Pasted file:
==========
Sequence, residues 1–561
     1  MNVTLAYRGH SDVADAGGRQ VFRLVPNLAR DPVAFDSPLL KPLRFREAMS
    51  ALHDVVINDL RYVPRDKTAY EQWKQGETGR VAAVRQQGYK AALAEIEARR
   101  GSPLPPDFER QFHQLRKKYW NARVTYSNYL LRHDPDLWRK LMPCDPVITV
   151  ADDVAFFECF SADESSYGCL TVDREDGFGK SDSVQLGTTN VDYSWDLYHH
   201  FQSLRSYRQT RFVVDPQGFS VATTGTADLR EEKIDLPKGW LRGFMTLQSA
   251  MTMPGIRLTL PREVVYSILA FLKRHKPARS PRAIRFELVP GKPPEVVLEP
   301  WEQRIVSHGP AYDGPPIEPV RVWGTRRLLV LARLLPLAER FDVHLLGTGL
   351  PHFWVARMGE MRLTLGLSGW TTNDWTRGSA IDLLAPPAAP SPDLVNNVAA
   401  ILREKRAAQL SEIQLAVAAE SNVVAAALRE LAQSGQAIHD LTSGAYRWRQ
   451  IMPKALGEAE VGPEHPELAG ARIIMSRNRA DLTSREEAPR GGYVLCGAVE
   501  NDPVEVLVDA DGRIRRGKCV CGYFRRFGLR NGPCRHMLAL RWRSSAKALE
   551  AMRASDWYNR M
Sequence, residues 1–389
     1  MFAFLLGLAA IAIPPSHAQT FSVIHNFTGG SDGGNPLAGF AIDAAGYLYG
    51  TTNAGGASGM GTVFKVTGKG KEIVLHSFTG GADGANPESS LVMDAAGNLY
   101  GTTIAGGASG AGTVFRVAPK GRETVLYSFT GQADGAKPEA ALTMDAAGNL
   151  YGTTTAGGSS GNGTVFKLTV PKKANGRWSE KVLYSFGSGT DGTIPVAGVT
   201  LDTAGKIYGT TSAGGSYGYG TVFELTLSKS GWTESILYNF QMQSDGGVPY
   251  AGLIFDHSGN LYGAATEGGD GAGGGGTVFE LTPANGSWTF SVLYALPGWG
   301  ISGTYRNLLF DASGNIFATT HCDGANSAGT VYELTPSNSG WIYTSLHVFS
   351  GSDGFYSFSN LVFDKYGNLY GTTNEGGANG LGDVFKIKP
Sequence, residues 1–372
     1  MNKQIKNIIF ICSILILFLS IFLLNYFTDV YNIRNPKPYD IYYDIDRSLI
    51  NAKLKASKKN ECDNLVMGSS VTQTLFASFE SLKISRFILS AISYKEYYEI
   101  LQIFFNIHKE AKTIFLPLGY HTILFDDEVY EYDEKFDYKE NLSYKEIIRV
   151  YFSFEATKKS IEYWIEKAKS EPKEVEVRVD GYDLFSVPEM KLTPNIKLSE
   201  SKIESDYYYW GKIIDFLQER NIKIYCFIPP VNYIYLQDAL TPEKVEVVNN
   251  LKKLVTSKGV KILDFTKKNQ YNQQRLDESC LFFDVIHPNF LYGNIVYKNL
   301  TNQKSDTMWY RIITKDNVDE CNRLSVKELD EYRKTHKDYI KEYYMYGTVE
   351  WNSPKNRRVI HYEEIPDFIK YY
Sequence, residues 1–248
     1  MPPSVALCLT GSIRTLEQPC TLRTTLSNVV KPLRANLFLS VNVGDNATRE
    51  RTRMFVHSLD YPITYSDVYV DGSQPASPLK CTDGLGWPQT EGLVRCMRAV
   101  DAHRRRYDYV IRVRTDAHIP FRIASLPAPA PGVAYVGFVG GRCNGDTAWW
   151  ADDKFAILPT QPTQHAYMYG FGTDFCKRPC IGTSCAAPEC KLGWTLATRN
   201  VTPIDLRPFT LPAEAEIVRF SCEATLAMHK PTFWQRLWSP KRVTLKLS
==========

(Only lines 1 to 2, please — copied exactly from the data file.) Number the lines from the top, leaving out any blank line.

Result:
Sequence, residues 1–561
     1  MNVTLAYRGH SDVADAGGRQ VFRLVPNLAR DPVAFDSPLL KPLRFREAMS